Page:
These Prefab Tiny Homes Can Be Linked to Create Entire Apartment Complexes
The ways we live and work have changed dramatically in the last few years, to say the least. With unprecedented numbers either working from home or remotely, and real estate prices soaring, the team at French design firm Cutwork wanted to know: "How can we design a habitat that addresses the need to do more in less space?"
Their answer is PolyRoom, a roughly 280-square-foot prefab module featuring interiors that can be reconfigured throughout the day to accommodate various activities—eating, sleeping, working, or socializing, for example.
"This design takes direct inspiration from a Japanese washitsu," says Cutwork cofounder and architect Antonin Yuji Maeno, who’s half-French, half-Japanese. A washitsu, or tatami room, is a central room in traditional Japanese homes that serves as an adaptive space.
Similar to LEGO bricks, the modules are designed to be stacked (a block of units wouldn’t require additional support, says Cutwork), making them suitable for a variety of implementations.
Cutwork has partnered with real estate developer Bouygues Immobilier to realise the project, and Bouygues Immobilier plans to open up to 15 sites by 2025, providing 2,500 bedrooms. A first site for the full modular construction is in early discussions and planning.
Cutwork was initially drawn to prefab construction because they saw its potential to cut down on costs and build times while improving the overall quality of a design. But at the same time that prefab has made it easier to complete projects like the one in Bordeaux, for firm cofounder Maeno, the technology comes with a greater responsibility.
"We need to meet this incredible demand for housing," he says. "But what does that mean for our natural resources and local ecosystems? How can we rethink urbanization to not only help preserve local ecology, but enable us to activate biodiversity and help establish thriving, multispecies habitats, even in dense urban areas?"
To address those concerns at least in one small part, Cutwork designed PolyRoom to accommodate plantings on its balcony, facade, and rooftop, and the balcony will even feature a built-in birdhouse.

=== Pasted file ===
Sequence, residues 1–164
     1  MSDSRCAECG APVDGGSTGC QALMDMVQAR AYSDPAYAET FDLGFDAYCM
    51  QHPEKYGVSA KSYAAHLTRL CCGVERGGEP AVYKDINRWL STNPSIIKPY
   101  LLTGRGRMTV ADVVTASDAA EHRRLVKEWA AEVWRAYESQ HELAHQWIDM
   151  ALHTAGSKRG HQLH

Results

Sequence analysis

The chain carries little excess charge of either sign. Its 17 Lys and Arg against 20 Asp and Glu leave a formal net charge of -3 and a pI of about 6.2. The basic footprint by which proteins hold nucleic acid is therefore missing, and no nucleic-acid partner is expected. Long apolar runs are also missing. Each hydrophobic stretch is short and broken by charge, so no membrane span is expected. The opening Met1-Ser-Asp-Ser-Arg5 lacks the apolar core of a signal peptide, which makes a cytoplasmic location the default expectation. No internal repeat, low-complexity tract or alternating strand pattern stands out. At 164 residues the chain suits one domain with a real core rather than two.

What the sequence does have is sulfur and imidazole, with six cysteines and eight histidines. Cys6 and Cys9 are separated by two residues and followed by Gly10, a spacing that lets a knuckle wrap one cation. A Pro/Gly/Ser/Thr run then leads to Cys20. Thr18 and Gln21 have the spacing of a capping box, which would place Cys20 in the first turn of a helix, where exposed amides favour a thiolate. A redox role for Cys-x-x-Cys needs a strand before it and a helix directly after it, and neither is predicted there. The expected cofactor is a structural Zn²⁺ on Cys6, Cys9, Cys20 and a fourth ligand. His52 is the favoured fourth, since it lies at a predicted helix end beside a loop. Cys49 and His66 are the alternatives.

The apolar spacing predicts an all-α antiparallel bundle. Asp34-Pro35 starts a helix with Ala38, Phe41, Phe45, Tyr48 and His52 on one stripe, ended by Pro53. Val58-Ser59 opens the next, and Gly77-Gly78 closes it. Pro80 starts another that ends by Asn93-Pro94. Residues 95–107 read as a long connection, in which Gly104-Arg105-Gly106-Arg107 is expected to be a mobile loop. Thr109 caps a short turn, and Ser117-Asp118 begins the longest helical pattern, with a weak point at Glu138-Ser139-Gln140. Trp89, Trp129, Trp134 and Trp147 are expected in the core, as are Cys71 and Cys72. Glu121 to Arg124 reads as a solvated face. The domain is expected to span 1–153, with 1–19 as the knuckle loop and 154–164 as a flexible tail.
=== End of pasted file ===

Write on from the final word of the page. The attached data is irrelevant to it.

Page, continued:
Despite its small size, PolyRoom feels generous thanks to the large glazed window at the front of the unit and modular furniture. The bed, which typically takes up the most room in a studio apartment, has been designed to lift up and nest in the ceiling, opening up space below.
The kitchen area features plenty of concealed storage, and a generous kitchen sink is hidden beneath a fold-down section of the bench. There is also built-in storage, bookshelves, and cubby holes throughout the studio.
Cutwork anticipates providing a variety of finishes and fixtures to appeal to residents’ varying tastes.
Ahead of the 2023 co-living launch in Bordeaux, a prototype of PolyRoom has been installed at Paris Expo Porte de Versailles, and visitors can view the concept until February 2022.
"Three types of people have been visiting," says Maeno, "real estate professionals, architects and designers, and the general public—and everyone has been very excited. It’s becoming clear that there's more potential here than we had ever anticipated."
More from Cutwork:
These Just Add Water Homes Can Be Built in Less Than 24 Hours
Architect of Record: Cutwork / @cutwork
Developer: Bouygues Immobilier / @bouygues_immo
Builder: DMD Modular / @dmdmodular
Photographer: Pierre Châtel-Innocenti / @chatelp
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